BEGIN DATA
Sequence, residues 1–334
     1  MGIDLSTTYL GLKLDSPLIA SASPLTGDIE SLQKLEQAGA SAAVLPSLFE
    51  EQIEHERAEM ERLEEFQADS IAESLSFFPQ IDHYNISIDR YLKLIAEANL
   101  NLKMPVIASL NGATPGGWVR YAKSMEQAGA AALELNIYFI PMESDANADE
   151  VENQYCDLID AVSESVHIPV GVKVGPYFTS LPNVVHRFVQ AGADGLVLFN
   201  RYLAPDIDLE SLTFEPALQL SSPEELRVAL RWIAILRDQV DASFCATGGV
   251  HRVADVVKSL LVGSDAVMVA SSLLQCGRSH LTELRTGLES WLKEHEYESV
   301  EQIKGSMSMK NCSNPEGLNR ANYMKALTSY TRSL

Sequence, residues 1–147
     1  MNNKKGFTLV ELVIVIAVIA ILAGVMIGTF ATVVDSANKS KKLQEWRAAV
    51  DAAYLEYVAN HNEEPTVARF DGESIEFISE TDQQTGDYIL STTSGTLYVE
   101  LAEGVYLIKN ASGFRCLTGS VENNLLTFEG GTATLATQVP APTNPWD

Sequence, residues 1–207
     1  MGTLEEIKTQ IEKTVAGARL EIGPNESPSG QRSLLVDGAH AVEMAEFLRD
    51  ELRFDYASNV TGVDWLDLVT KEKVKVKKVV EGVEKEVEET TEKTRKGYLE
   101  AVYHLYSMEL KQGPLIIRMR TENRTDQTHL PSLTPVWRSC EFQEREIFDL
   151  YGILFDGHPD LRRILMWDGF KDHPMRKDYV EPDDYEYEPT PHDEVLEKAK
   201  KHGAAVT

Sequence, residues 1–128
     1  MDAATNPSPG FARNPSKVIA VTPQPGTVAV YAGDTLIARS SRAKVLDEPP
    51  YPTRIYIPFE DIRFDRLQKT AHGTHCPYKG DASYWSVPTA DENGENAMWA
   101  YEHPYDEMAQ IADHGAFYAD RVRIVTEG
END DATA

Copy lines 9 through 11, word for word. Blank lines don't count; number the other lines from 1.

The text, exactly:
Sequence, residues 1–147
     1  MNNKKGFTLV ELVIVIAVIA ILAGVMIGTF ATVVDSANKS KKLQEWRAAV
    51  DAAYLEYVAN HNEEPTVARF DGESIEFISE TDQQTGDYIL STTSGTLYVE